A new heron has flown through to grace our shop window. Ophelia, another stunning creation by artist Emily Stevens, is flying South, book in claw. So one can only appreciate that Baskerville chose this same week to release the new Mick Her(r)on, The Secret Hours. If you’re a Jackson Lamb aficionado then you will be delighted to read this prequel to the Slow Horses series and if you’ve yet to discover him and his group of inept secret agents then you are in for a treat: an adventure-filled, pacy, acerbic treat.
Given that this week also saw the publication of Beasts of England by Adam Biles, an anarchic sequel to Animal Farm, there appears to be a theme to recent book releases. Add to that the new books from Katherine Rundell, Impossible Creatures, and from Julia Donaldson, Dormouse Has A Cold, and it’s looking like a conspiracy. I’ll get Jackson Lamb and Ophelia Heron to investigate. And, yes, I think that’s the only time you’ll see a board book in which Doctor Stoat dispenses medical advice in rhyme, a baby-griffin-featuring adventure to rival Tolkien and Pullman, and a savage indictment of populist politics set in a petting zoo all in the same paragraph. Truly something for everyone.
From Orwellian fable to first-hand account, from satire to straightforward statement, Politics on the Edge will destroy any remaining faith you may have had in the government. Yet it’s also enjoyably readable, perhaps because Rory Stewart is frank about his own shortcomings as well as everyone else’s. There’s a link here too to Mick Herron’s characters but, this newsletter having a wide reach and readership, I ran it past the lawyers and was told not to make claims involving the word ‘spook’ and ‘Rory Stewart’ in the same sentence.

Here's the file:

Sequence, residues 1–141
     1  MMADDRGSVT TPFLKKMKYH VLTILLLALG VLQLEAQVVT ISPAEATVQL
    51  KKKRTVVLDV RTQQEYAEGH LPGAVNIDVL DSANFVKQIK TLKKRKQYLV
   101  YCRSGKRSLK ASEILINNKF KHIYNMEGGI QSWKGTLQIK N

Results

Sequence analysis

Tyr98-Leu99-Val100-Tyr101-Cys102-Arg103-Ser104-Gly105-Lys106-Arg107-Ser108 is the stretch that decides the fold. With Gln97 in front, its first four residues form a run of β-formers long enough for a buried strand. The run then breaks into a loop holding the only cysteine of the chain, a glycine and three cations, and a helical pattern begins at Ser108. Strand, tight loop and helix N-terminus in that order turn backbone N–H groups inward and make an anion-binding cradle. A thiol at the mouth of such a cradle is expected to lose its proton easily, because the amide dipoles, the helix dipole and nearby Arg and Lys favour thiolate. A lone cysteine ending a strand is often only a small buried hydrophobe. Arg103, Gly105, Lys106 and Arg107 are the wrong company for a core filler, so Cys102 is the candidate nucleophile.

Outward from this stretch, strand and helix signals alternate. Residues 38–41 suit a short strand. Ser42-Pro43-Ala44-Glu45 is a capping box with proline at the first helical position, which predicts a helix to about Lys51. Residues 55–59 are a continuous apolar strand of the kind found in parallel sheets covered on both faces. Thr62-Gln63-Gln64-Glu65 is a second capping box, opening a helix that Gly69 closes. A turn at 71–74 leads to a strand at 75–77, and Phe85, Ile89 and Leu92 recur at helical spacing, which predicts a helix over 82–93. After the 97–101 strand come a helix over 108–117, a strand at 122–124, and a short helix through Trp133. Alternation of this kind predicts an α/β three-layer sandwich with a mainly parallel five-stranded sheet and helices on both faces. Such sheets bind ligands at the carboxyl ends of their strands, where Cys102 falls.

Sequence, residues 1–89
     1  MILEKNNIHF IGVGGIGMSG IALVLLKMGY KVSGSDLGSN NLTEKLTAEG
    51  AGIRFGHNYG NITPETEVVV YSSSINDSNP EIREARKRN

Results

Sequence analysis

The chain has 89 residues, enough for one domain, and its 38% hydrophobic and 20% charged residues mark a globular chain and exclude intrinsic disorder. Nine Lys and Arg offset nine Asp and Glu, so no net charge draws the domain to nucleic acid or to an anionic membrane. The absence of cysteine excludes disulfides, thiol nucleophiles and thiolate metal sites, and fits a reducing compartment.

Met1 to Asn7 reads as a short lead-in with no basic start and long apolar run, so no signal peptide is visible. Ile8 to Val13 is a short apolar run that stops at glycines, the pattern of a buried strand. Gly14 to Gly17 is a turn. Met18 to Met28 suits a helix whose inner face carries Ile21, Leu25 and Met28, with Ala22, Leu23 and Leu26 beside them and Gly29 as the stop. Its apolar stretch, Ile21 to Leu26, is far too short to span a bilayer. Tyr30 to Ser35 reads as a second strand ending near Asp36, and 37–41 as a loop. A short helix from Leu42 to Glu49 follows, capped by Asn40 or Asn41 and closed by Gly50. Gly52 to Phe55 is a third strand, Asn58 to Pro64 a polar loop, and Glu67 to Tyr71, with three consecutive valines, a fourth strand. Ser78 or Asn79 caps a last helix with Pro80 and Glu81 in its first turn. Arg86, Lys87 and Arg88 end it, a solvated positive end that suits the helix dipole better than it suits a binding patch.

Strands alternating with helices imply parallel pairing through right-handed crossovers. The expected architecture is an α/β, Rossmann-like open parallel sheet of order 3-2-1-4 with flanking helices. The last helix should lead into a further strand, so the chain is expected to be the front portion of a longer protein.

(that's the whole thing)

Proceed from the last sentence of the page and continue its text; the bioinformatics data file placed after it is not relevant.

If this excoriating account of our political systems leaves you with Burning Questions, Margaret Atwood’s collection of essays – on the end of the end of history, on authoritarianism, on the climate crisis and on how to define granola – is the answer. And if you think that it’s left some of us feeling Hysterical then you need to read Pragya Agarwal’s book exploring how we interpret emotions and destroying the myths that led to such gendered interpretations.
“Escaping” into history may be the thing after all that and thus I must mention The Fraud by Zadie Smith. Despite her protestations that she did not want to write historical fiction, Smith has woven her latest novel around a real 1873 legal case in which a man claimed to be the missing heir to a baronetcy despite all evidence to the contrary. Duplicity, hypocrisy, and alternative truths abound. Maybe not such an escape.
Perhaps try going a little further back, accompanied by Cat Jarman, to discover the secrets hidden in chests stored in Winchester Cathedral for over a thousand years. They contained the bones of the people who saw the creation of England. Unfortunately some of the chests’ contents were used as missiles during the Civil War but there are enough left for Jarman to uncover their extraordinary story in The Bone Chests: Unlocking the Secrets of the Anglo-Saxons.
Perhaps it all comes back to identity, to cultural history and present, to who we are and how we live. Certainly that’s the impression I get from reading Indiom by Daljit Nagra, a prose poem/play about Indic-heritage poets meeting to perform and to muse on the future of poetry. Under the beady eye of Ophelia, I’ve been enjoying a lesson in how a great writer can come at these subjects sideways and make you laugh while saying something solemn.
I hope your weekend has been or will be filled with the delights of an impossible creature in one form or another. Ophelia will be delighted to meet you if you have not yet made her acquaintance.